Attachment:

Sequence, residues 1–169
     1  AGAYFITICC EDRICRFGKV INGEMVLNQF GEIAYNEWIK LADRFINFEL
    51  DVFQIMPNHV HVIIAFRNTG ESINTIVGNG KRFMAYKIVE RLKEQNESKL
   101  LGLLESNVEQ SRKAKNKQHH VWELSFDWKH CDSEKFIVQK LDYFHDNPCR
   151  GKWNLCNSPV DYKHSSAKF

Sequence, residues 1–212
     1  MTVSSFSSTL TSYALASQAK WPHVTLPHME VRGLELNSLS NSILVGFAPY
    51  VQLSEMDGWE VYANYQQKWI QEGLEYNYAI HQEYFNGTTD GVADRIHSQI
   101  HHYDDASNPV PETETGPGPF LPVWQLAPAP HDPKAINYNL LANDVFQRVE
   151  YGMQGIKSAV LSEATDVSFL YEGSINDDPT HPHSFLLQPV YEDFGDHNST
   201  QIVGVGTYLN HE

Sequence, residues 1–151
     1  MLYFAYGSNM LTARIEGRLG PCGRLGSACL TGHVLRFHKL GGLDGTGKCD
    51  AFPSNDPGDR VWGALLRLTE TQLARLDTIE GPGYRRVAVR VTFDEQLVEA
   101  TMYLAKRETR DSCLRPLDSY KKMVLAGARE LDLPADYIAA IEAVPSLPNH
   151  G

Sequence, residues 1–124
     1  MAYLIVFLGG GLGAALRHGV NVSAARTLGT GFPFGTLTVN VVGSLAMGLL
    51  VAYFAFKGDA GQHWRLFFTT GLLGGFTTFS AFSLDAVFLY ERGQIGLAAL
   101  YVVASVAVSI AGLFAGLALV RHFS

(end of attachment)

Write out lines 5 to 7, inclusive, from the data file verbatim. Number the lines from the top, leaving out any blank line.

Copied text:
   151  GKWNLCNSPV DYKHSSAKF

Sequence, residues 1–212
     1  MTVSSFSSTL TSYALASQAK WPHVTLPHME VRGLELNSLS NSILVGFAPY